“We plan to assist companies in a highly hands-on way to increase their chances of success and to make the crucial transition from start-up to IPO or sale of the company.”

All of NEET Center partners live in Northeast Pennsylvania.

“Our offices are right in the building,” Pfeiffenberger said. “We work here, sit on boards, and volunteer in the community. Any given weekend you can find us attending church at Holy Cross parish in Olyphant, eating breakfast at the Eatery in Jessup, perhaps having a beer in the Backyard Ale House on a Friday night, or taking care of the honey-do list at the Home Depot in Dickson City on Saturdays.”

Summa said he is happy the found the right building in this area.

“While at times it seems like it was forgotten, we believe that the Mid and Up Valley area can be something special,” he said. “Working with Mayfield Borough, we helped develop a farmer’s market on Route 6 near the Meredith Street exit. We’ve reached out to the Lackawanna Heritage Valley Authority about planting flowers along the Lackawanna Trail.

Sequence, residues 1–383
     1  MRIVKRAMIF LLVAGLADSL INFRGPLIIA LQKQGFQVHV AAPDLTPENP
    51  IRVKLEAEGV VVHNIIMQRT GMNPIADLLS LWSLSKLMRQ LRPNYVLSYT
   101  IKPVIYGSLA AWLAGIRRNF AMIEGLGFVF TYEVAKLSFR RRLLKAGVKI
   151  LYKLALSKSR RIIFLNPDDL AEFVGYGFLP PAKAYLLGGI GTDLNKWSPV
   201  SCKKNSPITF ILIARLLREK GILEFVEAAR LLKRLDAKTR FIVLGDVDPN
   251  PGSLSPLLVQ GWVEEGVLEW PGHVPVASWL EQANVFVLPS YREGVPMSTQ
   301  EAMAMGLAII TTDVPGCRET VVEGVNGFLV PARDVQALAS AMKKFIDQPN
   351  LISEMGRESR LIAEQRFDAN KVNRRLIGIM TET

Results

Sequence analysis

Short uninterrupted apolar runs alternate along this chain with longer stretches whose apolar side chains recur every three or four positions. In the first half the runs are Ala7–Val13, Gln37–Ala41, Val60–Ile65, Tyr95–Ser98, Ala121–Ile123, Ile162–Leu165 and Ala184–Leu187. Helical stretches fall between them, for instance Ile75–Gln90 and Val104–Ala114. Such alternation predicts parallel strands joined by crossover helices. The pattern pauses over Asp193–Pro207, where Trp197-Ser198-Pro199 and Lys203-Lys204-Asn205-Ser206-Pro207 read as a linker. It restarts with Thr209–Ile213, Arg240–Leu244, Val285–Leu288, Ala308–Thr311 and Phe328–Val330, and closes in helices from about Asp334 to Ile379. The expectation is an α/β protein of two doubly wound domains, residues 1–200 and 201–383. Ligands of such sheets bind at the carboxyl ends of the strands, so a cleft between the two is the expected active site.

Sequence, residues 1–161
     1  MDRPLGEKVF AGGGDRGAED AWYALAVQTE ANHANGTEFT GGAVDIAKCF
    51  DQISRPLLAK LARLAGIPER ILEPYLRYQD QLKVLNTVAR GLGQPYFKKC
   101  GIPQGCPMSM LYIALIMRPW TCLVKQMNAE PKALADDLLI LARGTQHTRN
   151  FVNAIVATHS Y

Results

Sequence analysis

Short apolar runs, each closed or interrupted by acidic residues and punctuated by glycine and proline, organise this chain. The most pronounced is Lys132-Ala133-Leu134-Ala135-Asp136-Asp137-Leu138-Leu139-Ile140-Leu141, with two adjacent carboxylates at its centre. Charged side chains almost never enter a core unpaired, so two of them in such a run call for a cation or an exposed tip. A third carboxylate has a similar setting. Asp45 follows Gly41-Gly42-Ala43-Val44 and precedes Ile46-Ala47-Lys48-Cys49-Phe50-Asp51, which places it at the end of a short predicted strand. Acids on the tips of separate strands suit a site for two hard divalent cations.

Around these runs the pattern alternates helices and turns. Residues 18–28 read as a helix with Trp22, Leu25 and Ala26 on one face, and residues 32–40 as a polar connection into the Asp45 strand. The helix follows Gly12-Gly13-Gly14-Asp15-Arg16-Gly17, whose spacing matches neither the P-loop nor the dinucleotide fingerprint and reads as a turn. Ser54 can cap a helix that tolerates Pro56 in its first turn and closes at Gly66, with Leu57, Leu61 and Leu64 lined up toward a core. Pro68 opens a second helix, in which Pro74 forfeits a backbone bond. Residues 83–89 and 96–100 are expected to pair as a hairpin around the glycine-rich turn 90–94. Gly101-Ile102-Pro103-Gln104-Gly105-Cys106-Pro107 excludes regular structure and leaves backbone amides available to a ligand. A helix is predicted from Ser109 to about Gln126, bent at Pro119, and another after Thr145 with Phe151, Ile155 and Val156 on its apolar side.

“Our plan is provide a Google-like atmosphere for startups. The younger generation doesn’t want to be confined to just one small office space. They find energy and ideas by interacting with others in their company and with employees of other companies. That’s why the Atrium at the NEET Center will feature comfortable furniture where employees may congregate or just grab a coffee, a gym for use by the tenants, and a gaming area with a billiards table and ping pong. And after work or during lunch the Lackawanna Trail is steps away, providing a means to escape some of the stress of the day.”

All that promise is paying off.

“We definitely have interest in the building,” Summa said. “We closed on the NEET Center not quite a month ago but have already have received two verbal commitments to move into the space in the next couple of months. While we have leases out, we’re busy painting the offices to get them ready for occupancy.”

“We like to think that the NEET Center we’ll be a good neighbor,” Summa said. “We’re going to be working hard to revitalize the building and make it a hub of activity. All of which will be good for the community.

For more information, visit or the NEETCenter Facebook page.